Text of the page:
Redefine your limits: “If you always make excuses, you will never know your limits”

“Everyone is capable of breaking the limits they have”

Meet Max and Marcus Laudan, the twin Free Athletes from Berlin making their mark on the tennis scene. Both brothers are in the top 50 tennis players in the world, and have achieved this all while completing their university studies. Think that‘s impressive? What if we also told you that they have spent the majority of their life in wheelchairs, unable to walk? Yes, life may have hit these guys a tough serve, but they stayed in the game and returned it twice as strong. If you think their “limit” stops them, you’re about to be proven wrong. Read on to discover the story of the Tennis Players and how Freeletics helped them redefine their limits.

 

When did you first notice that something wasn‘t right?

Shortly after we were born the doctors realized there was something wrong with our arms and legs. However our early childhood, up until the age of 5, was completely normal. We could run and climb trees and play just like the other kids. But when we reached Kindergarten, this all changed. Over time, it was clear our legs weren‘t growing properly, and we were also a lot smaller than the other kids. We had developed such severe pain in our legs that we couldn‘t walk or sleep anymore. This is when the ‘marathon of surgeries‘ began.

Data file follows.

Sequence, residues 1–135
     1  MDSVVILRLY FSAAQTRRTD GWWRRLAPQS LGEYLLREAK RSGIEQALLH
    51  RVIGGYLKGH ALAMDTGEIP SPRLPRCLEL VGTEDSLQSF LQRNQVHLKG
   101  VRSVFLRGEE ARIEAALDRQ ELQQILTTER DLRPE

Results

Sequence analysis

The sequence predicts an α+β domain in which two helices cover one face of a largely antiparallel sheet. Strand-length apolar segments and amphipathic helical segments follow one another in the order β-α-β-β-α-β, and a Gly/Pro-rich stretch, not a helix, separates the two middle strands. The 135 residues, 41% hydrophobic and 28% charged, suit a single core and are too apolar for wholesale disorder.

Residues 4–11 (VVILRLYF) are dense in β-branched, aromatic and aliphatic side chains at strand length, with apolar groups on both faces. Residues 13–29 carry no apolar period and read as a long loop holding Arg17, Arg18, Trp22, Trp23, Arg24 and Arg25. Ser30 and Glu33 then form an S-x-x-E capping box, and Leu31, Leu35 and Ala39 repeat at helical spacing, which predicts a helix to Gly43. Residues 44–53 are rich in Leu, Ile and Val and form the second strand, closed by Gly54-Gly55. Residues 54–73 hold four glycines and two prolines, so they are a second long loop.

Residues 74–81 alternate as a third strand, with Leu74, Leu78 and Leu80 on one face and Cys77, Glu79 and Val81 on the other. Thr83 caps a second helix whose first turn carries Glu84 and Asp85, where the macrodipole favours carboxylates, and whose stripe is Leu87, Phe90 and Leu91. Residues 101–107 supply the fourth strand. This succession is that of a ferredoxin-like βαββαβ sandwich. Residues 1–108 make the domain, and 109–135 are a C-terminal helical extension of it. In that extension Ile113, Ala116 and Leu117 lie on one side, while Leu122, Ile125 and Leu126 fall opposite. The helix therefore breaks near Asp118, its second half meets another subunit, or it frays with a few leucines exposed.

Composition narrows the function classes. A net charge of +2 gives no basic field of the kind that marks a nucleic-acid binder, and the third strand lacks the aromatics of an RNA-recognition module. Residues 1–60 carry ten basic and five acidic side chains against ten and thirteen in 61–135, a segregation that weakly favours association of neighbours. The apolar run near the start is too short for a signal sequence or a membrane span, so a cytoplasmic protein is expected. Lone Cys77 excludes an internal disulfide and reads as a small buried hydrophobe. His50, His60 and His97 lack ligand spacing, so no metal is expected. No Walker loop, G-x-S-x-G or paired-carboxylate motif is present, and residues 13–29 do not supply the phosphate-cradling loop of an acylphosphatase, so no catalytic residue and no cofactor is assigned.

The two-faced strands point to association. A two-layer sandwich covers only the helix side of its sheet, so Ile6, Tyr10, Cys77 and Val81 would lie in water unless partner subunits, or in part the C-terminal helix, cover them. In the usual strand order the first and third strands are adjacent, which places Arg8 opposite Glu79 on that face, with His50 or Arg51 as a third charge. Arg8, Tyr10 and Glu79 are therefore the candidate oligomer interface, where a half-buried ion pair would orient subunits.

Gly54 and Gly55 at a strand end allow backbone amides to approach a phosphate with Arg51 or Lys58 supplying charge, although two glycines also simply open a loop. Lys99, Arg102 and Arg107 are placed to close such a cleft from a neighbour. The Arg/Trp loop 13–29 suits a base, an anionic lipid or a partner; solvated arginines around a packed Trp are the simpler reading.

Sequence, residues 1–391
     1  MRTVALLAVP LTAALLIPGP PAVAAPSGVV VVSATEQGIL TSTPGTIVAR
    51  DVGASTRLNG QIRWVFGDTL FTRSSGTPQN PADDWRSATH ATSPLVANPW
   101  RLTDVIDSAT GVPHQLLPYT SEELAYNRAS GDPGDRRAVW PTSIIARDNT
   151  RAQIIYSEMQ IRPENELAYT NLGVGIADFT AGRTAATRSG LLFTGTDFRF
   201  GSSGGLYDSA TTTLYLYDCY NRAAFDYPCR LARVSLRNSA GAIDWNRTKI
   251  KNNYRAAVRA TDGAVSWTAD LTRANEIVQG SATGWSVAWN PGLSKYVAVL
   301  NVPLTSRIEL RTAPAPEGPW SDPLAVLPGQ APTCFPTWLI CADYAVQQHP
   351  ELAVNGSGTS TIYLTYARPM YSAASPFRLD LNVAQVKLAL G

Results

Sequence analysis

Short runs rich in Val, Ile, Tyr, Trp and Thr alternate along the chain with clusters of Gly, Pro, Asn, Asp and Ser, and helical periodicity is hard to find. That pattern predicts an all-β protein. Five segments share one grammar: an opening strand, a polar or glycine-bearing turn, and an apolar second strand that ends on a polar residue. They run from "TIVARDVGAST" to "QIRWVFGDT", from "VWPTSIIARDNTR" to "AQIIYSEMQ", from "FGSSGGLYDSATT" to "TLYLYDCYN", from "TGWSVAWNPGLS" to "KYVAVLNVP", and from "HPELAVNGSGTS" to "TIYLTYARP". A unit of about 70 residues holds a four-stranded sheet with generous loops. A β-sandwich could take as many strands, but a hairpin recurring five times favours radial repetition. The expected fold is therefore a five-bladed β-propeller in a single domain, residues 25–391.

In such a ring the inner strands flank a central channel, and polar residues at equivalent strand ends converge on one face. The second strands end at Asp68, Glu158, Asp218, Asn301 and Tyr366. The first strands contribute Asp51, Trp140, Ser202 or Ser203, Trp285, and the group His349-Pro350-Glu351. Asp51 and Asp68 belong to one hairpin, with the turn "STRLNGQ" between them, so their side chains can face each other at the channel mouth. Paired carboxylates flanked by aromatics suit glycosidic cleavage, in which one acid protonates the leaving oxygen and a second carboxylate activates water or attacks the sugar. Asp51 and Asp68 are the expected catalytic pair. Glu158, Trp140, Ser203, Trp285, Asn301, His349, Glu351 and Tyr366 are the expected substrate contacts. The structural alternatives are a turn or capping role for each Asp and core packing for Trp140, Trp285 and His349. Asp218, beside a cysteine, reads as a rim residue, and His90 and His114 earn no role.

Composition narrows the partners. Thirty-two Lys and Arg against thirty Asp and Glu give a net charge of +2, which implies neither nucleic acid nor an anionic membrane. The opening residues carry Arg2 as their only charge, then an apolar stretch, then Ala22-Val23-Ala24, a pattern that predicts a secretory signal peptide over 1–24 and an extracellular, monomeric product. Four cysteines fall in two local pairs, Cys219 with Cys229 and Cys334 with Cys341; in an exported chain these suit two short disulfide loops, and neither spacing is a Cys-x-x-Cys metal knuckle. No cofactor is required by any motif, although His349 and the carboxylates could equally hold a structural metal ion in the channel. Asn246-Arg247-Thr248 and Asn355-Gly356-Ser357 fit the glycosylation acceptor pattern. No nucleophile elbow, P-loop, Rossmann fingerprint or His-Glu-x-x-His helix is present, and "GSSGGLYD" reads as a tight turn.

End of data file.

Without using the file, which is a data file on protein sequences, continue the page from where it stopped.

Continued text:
We were diagnosed with a rare disease called multiple epiphyseal dysplasia. Since only 13 people in Germany have this, there isn‘t a lot of information available. Basically, it is a disorder of cartilage and bone development which mainly affects the ends of the bones in the arms and legs. It is painful but also a functional problem, so it affected our ability to walk and forced us to use wheelchairs.

 

 

What was it like to go through this marathon of surgeries?